Biochar is a form of charcoal used to improve soil nutrition and growing conditions. It can be made from woody biomass that has been heated and charred with a restricted supply of oxygen, a process called pyrolysis. It captures atmospheric carbon, locking it into the soil for hundreds of years.
Knowledge of biochar has been around for millennia. Studies of soil at sites throughout the Amazon Basin suggest that ancient Amazonian civilizations made a primitive type of biochar and added it to the soil to help grow their crops.
According to recent studies, they found that with the addition of small percentages of biochar, tree health was vastly improved. Not only did 60% more transplanted trees survive; they displayed significantly increased photosynthetic efficiency, better growth, and a larger canopy area.
When using a biochar material for the first time, trying a new way of applying biochar and/ or a new rate of application, you should always start on a small scale (for example with two or three trees) and never try a new technique on a large area, before you have observed positive results. Also, while no recommended application rates for biochar can be given at this time, biochar should be applied in moderate amounts to soil. Rates around 1% by weight or less have been used successfully so far in field crops.
Biochar should ideally be applied to an area of soil that tree roots will eventually utilize to take up nutrients, i.e. the “drip line”. The drip line refers to the area you would get, once the tree has reached its mature size, if you drew a circle on the soil corresponding to the size of the tree’s crown. To apply biochar to the entire drip line it is necessary to work it into the soil beyond the tree’s planting hole, and this is not always possible.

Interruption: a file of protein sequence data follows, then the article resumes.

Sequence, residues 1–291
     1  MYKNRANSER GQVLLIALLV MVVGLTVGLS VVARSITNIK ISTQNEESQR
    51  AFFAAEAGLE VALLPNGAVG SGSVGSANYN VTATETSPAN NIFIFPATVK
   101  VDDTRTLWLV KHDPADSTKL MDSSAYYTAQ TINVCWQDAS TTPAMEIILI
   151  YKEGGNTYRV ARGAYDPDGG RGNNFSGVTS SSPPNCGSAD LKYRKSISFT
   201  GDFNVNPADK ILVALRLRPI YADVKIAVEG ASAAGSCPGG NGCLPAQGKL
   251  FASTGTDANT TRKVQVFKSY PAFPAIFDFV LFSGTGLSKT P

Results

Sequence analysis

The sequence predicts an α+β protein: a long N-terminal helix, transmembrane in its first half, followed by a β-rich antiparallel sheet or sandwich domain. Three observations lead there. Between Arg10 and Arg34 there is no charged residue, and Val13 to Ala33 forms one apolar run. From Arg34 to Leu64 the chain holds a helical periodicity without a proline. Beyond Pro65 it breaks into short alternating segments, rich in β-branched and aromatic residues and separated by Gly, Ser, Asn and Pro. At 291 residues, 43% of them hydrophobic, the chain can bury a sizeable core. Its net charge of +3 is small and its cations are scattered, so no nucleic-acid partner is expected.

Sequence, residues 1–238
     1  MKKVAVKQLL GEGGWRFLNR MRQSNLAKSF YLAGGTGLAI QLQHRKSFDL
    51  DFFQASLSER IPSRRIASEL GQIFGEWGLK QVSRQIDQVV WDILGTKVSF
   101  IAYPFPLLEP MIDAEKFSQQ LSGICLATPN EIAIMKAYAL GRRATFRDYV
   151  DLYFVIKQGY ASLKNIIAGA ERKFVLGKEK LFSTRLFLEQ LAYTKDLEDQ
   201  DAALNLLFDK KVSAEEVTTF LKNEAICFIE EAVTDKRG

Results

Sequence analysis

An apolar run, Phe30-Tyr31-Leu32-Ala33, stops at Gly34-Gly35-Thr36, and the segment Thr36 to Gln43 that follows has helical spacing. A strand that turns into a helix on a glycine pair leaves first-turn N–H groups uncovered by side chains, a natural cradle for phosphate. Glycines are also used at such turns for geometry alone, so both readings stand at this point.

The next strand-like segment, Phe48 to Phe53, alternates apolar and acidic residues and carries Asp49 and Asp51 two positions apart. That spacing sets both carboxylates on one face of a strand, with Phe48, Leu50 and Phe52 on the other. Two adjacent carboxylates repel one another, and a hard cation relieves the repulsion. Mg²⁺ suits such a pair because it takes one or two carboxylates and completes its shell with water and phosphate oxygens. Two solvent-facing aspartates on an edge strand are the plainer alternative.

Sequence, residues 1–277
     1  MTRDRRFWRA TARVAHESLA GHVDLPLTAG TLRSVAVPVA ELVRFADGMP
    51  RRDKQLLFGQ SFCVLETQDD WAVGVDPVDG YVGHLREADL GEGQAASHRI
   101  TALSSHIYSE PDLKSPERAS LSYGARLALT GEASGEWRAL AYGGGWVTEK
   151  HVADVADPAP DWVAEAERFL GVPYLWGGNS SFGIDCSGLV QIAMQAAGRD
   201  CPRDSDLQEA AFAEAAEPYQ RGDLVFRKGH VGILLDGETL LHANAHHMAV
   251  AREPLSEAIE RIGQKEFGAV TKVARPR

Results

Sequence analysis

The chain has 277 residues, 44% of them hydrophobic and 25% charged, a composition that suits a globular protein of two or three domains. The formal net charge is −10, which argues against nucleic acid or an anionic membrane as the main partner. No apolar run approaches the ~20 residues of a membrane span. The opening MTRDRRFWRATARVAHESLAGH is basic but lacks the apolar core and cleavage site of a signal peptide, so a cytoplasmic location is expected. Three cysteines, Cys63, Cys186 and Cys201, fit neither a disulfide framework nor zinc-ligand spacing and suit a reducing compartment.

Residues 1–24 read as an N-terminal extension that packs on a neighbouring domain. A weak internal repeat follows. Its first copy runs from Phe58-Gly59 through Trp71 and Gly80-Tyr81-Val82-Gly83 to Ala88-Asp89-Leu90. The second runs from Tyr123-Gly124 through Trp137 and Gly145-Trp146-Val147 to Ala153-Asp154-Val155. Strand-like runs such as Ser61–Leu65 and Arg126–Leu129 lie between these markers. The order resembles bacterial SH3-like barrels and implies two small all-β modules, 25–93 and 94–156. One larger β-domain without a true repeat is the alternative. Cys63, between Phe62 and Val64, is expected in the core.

For tree establishment, it may be possible to broadcast and incorporate or band apply biochar over the entire planting area or within each tree’s drip line, and add more biochar in planting holes. Broadcasting can be done by hand on small scales, or on larger scales by using lime/solid manure spreaders or broadcast seeders. Incorporation can be achieved using any plowing method at any scale, including hand hoes, animal draft plows, disc harrows, chisels, rotary hoes, etc. Moldboard plowing is not recommended as it is unlikely to mix the biochar into the soil and may result in deep biochar layers. When working with fine, dry biochar, wind losses during application and incorporation can be significant and precautions must be taken to minimize this. Moistening the biochar after weighing it is an easy way of controlling dust.
Arbor Hills Tree Farm will be working with Nebraska Forest Service this Spring to test the Bio Char products on selected tree planting sites.
For more information please click and contact Arbor Hills Tree Farm.